Journeys to the West: An Exhibit in memory of Anthony C. Yu, 1934-2015

Exhibit Location: The Joseph Regenstein Library, Fourth Floor
Exhibit Dates: August 14 – September 30, 2015

Anthony C. Yu at the Divinity School

Anthony C. Yu at the Divinity School (University of Chicago Photographic Archive, [apf7-01650], Special Collections Research Center, University of Chicago Library, date unknown)

As a small child, Anthony Yu first learned from his grandfather the story of a wise monk who travels from China to India with his companions, Monkey and Pig. The stories came from the classical Chinese epic The Journey to the West. Yu was fascinated with the epic from then on. As an adult, he embarked on a scholarly journey in the field of comparative religions and literatures, bridging the Eastern and Western literary religious traditions. This one-case, memorial exhibit is centered on Professor Anthony C. Yu’s magnum opus, his four volume translation of The Journey to the West into English.

Anthony C. Yu (1938-2015) was the Carl Darling Buck Distinguished Service Professor Emeritus in the Humanities and the Divinity School at the University of Chicago. Margaret M. Mitchell, former dean of the Divinity School, eulogized Professor Yu as “an outstanding scholar, whose work was marked by uncommon erudition, range of reference and interpretive sophistication.” Yet he was also “a person of inimitable elegance, dignity, passion and the highest standards for everything he did.”

Book cover of The Journey to the West

Book cover of the 2012 revised edition of The Journey to the West, volume 2.

Professor’s Yu own life journey (1938-2015) resonates in many ways with the Chinese epic that he translated. Journeying to the West to pursue his vocation, Professor Yu spent 16 years of his life, just like the traveling monk from the story, working on the 1800+ pages of the English translation. David Lattimore (Brown University), writing in The New York Times Book Review, noted that Professor Yu’s translation “does full justice to the adventure, lyricism and buffoonery of The Journey to the West,” while remaining “completely sensitive to the spiritual content of the text, as well.” Not only was The Journey to the West the first unabridged translation into English, but it withstood the test of time and is now considered the definitive translation.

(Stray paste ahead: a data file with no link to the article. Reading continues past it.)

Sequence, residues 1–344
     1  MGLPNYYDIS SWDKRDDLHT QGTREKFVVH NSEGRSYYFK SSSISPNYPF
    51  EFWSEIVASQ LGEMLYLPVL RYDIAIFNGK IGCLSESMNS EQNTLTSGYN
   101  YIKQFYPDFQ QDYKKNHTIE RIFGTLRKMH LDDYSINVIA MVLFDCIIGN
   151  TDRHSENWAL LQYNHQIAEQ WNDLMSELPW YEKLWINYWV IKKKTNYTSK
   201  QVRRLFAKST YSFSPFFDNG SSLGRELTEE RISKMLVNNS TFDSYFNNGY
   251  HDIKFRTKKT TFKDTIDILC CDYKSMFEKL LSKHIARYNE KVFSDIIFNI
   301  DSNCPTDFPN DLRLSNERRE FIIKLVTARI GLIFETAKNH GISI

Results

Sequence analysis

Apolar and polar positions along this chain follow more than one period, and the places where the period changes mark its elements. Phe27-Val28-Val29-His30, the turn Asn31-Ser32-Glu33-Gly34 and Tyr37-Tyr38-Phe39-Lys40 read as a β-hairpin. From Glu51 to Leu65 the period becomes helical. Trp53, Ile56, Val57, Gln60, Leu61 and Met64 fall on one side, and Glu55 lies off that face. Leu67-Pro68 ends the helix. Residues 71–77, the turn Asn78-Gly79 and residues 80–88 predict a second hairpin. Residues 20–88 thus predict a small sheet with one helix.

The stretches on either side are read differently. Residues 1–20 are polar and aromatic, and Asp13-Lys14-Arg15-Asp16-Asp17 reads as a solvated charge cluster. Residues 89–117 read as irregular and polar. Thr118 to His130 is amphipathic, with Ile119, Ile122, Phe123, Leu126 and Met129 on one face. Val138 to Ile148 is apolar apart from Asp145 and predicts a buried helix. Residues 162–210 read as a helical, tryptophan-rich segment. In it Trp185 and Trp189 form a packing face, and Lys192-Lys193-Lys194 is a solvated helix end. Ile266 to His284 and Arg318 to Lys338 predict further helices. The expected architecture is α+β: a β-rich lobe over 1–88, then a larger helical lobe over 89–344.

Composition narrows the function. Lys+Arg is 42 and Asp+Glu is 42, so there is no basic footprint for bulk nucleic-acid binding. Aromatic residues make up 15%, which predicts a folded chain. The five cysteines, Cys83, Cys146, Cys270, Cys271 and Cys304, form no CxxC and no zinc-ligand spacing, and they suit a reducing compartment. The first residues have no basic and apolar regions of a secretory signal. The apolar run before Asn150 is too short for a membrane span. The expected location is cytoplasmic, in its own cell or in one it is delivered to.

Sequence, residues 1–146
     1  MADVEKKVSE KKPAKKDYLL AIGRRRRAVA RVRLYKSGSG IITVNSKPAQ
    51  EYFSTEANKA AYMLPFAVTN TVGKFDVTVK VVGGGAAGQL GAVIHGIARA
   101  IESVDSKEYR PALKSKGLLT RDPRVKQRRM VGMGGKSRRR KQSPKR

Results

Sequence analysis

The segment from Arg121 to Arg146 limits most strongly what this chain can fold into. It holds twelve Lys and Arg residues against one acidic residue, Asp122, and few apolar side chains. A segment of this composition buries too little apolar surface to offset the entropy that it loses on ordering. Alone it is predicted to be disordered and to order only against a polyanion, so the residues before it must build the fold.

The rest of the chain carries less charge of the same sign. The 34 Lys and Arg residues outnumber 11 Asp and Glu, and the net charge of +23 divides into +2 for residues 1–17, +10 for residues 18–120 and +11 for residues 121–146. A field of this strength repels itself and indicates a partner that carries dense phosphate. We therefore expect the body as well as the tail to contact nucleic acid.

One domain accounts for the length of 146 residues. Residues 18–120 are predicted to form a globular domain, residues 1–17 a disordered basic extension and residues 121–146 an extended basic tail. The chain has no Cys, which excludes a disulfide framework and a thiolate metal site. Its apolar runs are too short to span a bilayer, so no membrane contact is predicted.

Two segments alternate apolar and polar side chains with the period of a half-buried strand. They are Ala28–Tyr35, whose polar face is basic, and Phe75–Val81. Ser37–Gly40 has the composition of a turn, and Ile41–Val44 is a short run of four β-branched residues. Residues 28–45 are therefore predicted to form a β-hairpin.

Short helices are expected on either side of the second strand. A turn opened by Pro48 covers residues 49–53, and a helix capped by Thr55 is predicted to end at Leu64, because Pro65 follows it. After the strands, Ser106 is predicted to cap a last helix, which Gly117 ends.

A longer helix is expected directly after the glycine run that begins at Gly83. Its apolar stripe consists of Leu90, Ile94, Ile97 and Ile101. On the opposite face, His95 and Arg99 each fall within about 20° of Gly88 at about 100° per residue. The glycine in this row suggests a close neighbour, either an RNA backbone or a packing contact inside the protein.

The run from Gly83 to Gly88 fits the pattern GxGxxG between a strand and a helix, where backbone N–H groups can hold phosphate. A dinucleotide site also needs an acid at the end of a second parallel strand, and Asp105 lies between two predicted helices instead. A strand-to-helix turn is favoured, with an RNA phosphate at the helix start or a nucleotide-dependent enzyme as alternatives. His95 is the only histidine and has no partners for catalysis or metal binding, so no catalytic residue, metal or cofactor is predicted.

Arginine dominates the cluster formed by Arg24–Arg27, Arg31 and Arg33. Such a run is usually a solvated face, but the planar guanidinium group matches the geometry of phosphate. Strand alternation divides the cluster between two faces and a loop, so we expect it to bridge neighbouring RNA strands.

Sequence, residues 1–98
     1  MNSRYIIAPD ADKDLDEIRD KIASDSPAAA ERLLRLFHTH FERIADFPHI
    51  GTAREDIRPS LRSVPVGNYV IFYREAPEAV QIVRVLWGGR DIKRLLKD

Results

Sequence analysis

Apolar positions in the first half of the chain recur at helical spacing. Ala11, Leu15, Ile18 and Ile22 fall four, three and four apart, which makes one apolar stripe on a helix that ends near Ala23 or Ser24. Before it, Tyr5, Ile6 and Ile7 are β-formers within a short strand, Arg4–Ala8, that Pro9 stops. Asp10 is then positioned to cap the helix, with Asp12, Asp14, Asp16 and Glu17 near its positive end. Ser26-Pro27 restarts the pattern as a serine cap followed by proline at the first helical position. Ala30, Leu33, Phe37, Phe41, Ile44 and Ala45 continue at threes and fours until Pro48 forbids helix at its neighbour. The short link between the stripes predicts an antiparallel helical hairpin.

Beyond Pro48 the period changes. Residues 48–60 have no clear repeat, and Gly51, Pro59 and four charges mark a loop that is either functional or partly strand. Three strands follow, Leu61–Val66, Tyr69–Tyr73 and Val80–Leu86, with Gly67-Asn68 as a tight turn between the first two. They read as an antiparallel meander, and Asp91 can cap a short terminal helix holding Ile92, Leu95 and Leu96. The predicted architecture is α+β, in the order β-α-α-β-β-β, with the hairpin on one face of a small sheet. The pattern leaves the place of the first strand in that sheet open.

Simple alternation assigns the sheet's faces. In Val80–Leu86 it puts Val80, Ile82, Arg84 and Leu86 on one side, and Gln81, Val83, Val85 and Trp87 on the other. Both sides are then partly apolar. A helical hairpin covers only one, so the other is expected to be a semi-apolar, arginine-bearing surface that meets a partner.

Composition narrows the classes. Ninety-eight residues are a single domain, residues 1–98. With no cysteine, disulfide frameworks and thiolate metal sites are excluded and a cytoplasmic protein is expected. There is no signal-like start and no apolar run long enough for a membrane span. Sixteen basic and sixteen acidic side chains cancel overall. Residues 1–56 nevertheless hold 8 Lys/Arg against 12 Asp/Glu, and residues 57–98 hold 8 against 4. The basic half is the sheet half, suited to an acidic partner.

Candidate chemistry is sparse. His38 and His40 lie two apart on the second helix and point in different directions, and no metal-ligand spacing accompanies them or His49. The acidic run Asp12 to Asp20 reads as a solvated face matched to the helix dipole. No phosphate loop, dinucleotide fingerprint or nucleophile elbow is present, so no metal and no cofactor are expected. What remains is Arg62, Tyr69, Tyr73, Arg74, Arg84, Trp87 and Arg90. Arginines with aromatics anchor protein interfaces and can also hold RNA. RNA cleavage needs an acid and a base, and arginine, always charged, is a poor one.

The exhibit itself is set up to invite search and discovery. You will encounter prior translations of the classical Chinese epic, together with Yu’s own definitive translation, an abridged edition and even some surprises related to the afterlife of Yu’s translation. Please stop by Regenstein Library’s 4th floor and discover for yourself the fascinating journey to the West, facilitated by our eminent scholar, beloved professor, and magnificent translator. Your journey will be worth it!